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Chapter 83, Florida Statutes, encompasses Florida’s landlord-tenant law. It outlines the various types of leases recognized under Florida law, the rights, duties and obligations of landlords and tenants alike, and the procedure that a landlord is to follow when filing a suit to evict a tenant.

While Chapter 83, provides clear substantive and procedural guidance, landlords often find themselves victims to some of the statute’s intricate wrinkles. One of the most common pitfalls that landlords encounter revolves around the collection of late fees provided for under their lease agreements.

A prerequisite to a residential eviction for non-payment of rent is the posting of a 3-Day Notice.1 Landlords often improperly include the late fees provided for under their leases within the amount of “Rent” due on the 3-Day Notice. While residential leases can be structured to incorporate late fees as additional rent, if late fees are improperly included within the amount of rent due on a 3-Day Notice, the notice risks being deemed “defective.”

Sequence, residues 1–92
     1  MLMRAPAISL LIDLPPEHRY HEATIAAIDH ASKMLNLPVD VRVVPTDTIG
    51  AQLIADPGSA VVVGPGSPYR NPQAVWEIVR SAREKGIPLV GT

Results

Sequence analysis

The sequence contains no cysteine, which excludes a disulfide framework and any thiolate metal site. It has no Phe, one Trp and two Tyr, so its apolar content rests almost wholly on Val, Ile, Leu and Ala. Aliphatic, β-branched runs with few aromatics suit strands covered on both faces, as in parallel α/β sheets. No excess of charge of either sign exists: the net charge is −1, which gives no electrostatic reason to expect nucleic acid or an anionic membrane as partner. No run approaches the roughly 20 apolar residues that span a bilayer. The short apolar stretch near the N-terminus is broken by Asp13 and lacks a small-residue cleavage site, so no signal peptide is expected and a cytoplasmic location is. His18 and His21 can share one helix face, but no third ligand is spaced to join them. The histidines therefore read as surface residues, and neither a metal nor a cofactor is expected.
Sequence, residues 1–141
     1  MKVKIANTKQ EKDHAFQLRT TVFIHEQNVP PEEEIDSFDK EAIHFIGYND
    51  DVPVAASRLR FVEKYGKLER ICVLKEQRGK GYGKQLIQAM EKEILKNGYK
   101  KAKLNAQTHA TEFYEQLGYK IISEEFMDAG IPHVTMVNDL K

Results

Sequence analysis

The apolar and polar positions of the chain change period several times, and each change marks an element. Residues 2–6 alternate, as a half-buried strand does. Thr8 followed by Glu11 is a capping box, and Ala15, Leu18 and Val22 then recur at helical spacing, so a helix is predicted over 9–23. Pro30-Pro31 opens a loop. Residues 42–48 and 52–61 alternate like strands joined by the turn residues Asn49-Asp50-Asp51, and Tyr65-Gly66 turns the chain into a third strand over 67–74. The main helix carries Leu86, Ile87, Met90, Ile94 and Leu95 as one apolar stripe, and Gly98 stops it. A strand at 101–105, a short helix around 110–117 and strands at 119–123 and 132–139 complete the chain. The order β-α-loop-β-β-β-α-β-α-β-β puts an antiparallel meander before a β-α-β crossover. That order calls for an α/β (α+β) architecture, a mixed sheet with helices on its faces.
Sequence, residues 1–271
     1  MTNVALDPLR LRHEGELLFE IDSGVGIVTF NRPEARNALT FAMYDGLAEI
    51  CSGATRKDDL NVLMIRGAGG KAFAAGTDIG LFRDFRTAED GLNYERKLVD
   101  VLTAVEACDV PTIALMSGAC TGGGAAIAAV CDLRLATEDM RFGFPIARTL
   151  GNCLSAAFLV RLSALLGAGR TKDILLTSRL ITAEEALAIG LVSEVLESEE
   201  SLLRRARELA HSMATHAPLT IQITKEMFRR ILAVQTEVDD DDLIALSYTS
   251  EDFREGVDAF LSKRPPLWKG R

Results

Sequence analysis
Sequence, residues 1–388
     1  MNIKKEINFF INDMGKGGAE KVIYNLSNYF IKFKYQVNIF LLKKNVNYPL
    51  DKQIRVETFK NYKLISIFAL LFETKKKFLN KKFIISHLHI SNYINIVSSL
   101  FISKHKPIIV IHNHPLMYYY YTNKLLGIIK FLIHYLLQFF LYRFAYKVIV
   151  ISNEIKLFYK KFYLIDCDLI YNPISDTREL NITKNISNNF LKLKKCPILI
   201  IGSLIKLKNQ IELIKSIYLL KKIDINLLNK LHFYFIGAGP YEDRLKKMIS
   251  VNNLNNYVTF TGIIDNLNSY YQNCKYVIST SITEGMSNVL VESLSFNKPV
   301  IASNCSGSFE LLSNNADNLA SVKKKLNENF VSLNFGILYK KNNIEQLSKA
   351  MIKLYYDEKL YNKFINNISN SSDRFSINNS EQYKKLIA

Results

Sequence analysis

Since a proper 3-Day Notice is a condition precedent to filing an eviction action, Florida courts have held that where a defective notice exists, the requisite elements of a cause of action for eviction have not been met, and therefore, a landlord’s complaint for eviction must be dismissed without leave to amend.

In order to avoid unnecessary costs and delays in evicting a tenant for non-payment of rent, it is best to consult with an experienced real estate attorney.

Feel free to give us a call to discuss your landlord-tenant matters (813) 528-4044.